Should a Christian carry a gun? It’s not an easy answer for many, and for good reason.
Many sincere Christians wrestle with this issue due to their upbringing, bible interpretation, and host of other issues. But whether you should or should not carry a concealed weapon for self-defense or, more nobly, to defend the lives of others, is something each Christian must be convinced of personally.
While the consideration of carrying a gun is understandably a very personal decision, it is important to rightly divide the Word of God on this issue and answer the question of whether it is permissible by God or not. If it’s a matter of clearly breaking one of God’s laws and going against the will of God, than the answer should be simple: “Your will be done on earth as it is in Heaven”, just as Jesus taught.
Most believers will concede that the use of deadly force is a controversial issue that depends heavily on how one interprets key verses. But for the sake of brevity, we can all agree that the Lord not only tolerated weapons but commanded his earthly servants to use them, at times. God also made provision for civilians to use deadly force to stop intruders to protect their loved ones and even their own life, as we see in the very practical Mosaic law (Exodus 22:2) that protected the rights of an individual to use deadly force to protect against home invasion:
“If a thief is caught in the act of breaking into a house and is struck and killed in the process, the person who killed the thief is not guilty of murder.”
Furthermore, the scriptures do not command us not use weapons to save other peoples lives. And it is dangerous to speak from relative silence and come up with a command against the use of CCW for self-defense.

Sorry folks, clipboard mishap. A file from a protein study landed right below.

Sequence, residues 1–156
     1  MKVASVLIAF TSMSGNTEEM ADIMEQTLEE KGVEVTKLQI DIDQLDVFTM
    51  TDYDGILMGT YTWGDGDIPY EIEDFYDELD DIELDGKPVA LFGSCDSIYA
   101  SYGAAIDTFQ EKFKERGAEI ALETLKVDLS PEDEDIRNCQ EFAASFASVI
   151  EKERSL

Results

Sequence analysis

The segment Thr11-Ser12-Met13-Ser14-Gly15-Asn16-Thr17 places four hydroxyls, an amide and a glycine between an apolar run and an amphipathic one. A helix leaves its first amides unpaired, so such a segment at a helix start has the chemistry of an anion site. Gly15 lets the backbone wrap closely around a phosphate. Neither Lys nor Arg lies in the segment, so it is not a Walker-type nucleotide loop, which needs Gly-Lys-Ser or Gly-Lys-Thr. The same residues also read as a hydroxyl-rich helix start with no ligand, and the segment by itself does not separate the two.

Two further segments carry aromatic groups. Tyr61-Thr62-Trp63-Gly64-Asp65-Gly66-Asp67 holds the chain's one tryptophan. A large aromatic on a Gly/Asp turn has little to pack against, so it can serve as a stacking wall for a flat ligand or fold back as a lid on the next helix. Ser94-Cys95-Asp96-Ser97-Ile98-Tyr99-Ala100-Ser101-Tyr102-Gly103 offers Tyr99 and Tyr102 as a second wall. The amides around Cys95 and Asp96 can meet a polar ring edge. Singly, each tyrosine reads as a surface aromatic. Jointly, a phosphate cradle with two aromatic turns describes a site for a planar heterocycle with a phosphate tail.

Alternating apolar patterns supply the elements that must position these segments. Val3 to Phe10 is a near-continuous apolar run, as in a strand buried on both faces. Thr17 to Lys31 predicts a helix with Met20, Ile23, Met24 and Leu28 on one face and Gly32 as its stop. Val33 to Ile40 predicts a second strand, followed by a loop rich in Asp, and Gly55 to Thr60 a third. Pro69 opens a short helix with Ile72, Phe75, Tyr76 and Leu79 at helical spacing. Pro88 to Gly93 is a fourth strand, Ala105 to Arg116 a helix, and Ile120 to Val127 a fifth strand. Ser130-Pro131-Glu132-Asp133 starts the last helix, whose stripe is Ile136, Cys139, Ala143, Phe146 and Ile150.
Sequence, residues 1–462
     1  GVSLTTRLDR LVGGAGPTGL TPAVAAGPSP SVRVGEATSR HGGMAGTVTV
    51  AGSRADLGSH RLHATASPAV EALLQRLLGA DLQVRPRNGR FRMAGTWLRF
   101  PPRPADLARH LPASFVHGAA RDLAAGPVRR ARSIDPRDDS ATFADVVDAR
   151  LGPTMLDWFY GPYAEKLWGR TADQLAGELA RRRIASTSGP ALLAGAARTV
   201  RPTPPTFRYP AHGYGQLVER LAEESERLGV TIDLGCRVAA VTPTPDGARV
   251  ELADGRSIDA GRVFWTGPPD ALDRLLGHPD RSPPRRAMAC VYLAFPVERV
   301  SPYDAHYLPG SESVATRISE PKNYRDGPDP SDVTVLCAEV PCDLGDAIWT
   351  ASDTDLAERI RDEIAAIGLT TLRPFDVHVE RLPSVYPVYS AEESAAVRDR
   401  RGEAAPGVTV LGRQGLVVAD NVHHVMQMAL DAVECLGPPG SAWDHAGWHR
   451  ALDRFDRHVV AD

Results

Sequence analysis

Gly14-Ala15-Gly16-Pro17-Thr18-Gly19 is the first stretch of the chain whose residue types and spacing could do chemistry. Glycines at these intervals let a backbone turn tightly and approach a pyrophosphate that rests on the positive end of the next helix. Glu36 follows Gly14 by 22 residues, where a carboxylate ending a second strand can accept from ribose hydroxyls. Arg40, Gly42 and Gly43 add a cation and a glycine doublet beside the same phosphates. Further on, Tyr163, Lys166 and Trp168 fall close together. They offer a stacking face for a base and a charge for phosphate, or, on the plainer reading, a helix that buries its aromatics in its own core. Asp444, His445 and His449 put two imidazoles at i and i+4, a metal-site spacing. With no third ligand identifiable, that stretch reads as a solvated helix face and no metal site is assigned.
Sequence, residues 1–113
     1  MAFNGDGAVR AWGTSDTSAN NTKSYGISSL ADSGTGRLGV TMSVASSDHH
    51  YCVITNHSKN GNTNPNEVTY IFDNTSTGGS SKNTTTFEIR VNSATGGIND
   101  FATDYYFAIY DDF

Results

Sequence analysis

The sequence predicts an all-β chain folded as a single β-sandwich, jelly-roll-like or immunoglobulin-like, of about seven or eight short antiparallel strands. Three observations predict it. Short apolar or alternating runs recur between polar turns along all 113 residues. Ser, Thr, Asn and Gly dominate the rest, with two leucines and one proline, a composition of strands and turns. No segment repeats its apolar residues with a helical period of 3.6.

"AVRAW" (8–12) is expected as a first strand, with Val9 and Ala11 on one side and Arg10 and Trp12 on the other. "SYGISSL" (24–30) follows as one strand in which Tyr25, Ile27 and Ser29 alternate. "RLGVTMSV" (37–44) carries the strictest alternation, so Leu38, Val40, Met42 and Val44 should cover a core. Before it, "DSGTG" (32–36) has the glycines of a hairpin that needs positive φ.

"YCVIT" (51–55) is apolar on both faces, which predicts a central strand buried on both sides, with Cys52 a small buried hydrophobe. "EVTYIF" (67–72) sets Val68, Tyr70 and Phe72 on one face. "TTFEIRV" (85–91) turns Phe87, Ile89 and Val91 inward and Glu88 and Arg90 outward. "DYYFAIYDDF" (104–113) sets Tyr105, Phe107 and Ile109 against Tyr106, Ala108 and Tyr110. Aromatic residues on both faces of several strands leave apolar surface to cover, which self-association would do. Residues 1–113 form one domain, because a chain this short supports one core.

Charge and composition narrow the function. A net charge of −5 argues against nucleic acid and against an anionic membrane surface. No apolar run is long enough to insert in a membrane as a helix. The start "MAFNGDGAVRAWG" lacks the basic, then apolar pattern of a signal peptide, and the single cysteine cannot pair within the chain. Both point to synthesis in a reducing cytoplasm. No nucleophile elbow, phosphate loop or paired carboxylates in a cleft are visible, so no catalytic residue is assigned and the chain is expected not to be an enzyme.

The pacifist will object, citing these common verses: “don’t resist evil”, “don’t render evil for evil”, “don’t avenger yourself”, and “love your enemies”.
At first glance, it would appear simple enough. But as one begins to understand the context of Jesus’ statements in the backdrop of the Old Testament Law, these teachings of Christ take on a much deeper application. For example, when Paul writes to the believers in Rome (Romans 12) about not avenging oneself, he is quoting from the Old Testament when God’s people righteously used weapons, engaged in warfare, and had civil capital punishment – all with God’s permission and even by His direct command.
You see, Jesus didn’t come to abolish the Law. He never contradicted the Old Testament Law. He fulfilled and magnified the Law and made it honorable. Paul also appealed to the Law and Prophets to make his apostolic decrees.
It’s very understandable that one’s interpretation along with other external influences could lead some sincere Christians to believe that carrying a weapon and/or discharging a weapon to defend a life would be a sin and go against the teachings of Christ. Weapon or no weapon, the will of the Lord is not to be reactionary but redemptive.
“Weapon or no weapon, the will of the Lord is not to be reactionary but redemptive.”
In order to redeem one innocent person from an evildoer, the redemptive solution may call for the evildoer to be stopped using deadly force. Simply put: to stop evil is not evil. Putting an end to evil is a righteous act, grounded in Christian love.
Jesus Told the Disciples to Buy Swords
Jesus told the disciples to buy swords, and they did. We also know that Peter had a sword with him in the garden and Jesus didn’t seem surprised. In fact, Jesus did not rebuke Peter for having the sword, nor did Jesus tell Peter to throw it away. Instead, our Lord told Peter to put his sword back in its place. This would akin to saying today, “Holster your gun, Peter!”